I love fresh yogurt made from raw milk, especiallybsince the milk getsvpastarized during tge process. Iv even used soured raw milk, as I heard raw milk is safe soured. But I just realized, when u cook with soured milk, does it becone danferous since its not raw anymore?m Iv used soured raw milk akso for creamy soups where milk gets heated to a simmer.
    • Elaine F. said…
      kay cano, for lots of info on raw milk uses, go to Weston A. Price Foundation website. Cooking with raw milk probably destroys most it not all of the bacteria, so you are most likely safe using sour milk for cooking. I've used sour raw milk for years with no issues. Now it is harder for me to get raw milk, so you are very lucky to have access.
  5. kay cano said…
    Sorry, my last message does not make sense. I said, I love my homemade yogurt made from fresh raw milk. Tge milk gets pastarized during the process. I use soured raw milk for yogurt and cream based soups, as I read soured raw milk is safe. But I just realized, is soured raw milk still safe even when it is cooked?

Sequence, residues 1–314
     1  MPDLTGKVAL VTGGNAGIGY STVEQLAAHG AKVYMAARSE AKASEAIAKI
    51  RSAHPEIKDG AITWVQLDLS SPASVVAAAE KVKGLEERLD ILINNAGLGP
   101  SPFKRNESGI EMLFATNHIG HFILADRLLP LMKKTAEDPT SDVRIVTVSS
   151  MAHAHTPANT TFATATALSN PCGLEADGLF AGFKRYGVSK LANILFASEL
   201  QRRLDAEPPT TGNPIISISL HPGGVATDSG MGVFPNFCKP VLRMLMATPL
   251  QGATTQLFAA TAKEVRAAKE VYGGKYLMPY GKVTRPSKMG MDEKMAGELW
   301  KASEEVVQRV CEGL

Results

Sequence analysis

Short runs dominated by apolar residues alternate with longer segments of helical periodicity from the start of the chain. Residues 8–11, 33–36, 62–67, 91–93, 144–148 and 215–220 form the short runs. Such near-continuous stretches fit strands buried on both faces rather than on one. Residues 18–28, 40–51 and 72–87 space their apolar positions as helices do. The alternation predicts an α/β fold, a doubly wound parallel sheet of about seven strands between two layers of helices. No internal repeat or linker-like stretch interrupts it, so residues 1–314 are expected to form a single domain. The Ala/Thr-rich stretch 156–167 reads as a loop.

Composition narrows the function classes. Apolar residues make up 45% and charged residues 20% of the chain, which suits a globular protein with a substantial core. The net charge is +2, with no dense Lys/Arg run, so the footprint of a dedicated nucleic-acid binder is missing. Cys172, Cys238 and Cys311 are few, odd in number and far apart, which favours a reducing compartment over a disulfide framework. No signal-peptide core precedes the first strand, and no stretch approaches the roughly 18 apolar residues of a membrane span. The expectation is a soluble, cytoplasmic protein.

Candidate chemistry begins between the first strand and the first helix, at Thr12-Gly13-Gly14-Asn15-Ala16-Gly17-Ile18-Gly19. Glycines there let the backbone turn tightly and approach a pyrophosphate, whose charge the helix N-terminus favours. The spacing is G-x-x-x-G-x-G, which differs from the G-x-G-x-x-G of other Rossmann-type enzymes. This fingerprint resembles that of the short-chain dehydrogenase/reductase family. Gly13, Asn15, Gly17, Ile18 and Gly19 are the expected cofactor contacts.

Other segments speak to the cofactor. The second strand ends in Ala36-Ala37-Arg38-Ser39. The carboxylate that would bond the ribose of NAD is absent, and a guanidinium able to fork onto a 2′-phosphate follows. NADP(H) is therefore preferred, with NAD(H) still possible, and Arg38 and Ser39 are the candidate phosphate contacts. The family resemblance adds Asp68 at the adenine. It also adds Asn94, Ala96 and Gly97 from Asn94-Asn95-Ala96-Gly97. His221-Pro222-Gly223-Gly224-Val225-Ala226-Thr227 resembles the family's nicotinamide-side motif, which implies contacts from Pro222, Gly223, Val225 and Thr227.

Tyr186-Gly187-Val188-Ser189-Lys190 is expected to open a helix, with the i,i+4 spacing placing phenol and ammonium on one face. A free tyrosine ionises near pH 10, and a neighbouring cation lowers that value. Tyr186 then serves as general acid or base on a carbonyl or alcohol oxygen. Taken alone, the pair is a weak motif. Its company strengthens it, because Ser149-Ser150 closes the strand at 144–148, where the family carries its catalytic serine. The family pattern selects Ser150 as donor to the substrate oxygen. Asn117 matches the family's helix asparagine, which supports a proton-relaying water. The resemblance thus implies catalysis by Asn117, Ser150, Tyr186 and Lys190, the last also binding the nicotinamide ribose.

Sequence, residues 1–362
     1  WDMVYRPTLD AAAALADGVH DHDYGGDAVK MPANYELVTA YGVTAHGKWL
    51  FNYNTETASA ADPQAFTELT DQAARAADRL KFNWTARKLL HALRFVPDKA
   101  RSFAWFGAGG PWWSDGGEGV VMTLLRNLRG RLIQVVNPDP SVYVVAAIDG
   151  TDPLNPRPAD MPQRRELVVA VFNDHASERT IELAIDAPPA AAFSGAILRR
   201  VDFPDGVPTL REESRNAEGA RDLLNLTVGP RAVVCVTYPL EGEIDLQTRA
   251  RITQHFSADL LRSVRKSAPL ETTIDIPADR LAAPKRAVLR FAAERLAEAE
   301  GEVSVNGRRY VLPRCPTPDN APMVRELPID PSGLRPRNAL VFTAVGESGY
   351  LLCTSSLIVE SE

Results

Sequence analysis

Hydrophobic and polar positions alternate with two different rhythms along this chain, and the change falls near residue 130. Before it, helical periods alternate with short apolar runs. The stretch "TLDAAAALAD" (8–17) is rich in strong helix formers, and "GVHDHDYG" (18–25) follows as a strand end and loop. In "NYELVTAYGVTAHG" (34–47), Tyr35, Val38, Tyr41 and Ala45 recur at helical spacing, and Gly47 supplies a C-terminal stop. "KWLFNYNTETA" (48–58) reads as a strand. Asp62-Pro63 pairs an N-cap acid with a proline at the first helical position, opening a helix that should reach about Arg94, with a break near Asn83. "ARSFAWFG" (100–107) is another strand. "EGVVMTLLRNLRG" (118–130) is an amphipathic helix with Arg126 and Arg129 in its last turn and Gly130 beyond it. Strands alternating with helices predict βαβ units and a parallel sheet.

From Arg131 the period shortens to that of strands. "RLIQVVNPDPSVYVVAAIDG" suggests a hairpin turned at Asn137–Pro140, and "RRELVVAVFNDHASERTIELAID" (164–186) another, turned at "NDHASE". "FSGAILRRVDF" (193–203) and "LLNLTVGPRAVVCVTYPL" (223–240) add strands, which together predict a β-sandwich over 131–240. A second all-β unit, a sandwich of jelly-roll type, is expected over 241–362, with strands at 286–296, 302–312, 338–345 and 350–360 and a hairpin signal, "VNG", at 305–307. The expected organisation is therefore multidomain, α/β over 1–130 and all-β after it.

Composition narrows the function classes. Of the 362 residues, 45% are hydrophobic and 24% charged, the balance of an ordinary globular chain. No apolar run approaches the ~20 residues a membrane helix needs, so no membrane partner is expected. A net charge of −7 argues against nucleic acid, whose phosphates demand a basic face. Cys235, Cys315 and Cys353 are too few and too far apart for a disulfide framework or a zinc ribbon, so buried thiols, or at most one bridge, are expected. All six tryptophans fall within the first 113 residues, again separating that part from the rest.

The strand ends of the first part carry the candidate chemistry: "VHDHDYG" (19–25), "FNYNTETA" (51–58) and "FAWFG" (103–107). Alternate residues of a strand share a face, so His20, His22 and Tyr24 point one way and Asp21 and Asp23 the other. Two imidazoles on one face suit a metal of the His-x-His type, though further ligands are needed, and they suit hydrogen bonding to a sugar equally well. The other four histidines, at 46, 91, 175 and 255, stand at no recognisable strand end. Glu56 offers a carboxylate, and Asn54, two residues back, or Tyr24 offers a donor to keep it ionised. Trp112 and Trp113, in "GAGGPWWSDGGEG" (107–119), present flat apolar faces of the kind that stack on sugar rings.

6. kay cano said…
    Im sorry about my typos in my previous messages. Im terrible withbtouch screens. The one message I noticed was very hard to read. I Havnt made yogurt in a long time and have been buying whole foods yogurt. But anyway, iv made my own yogurt ftom both fresh and spured raw milk. Fresh is the best and smoothest tadting. I also use raw cream when I can get it or commercial cream, which makes a smooth creamy yogurt. Soured raw milk I read is safe, but I wonder is it still safe to use soured raw milk in cooking when it reaches tge temperature where milk pastarizes?
  7. Sondra Thomas said…
    Hi my doctor says if I use a probiotic, use for only 1 month, if you use Activia, how come they say use for 2 weeks. By eating probiotics are we putting bad bacteria into our bodies? Also if we eat sauerkraut, how much should we eat, & also how many pickles?? Thanks!
    • Meghan Telpner said…
      Probiotics and fermented foods are not bad bacteria. You can read a lot more about fermented foods in these articles, where I go into more depth about them:

Before you post your comment, please note that I am unable to offer nutritional advice or recommendations via my blog.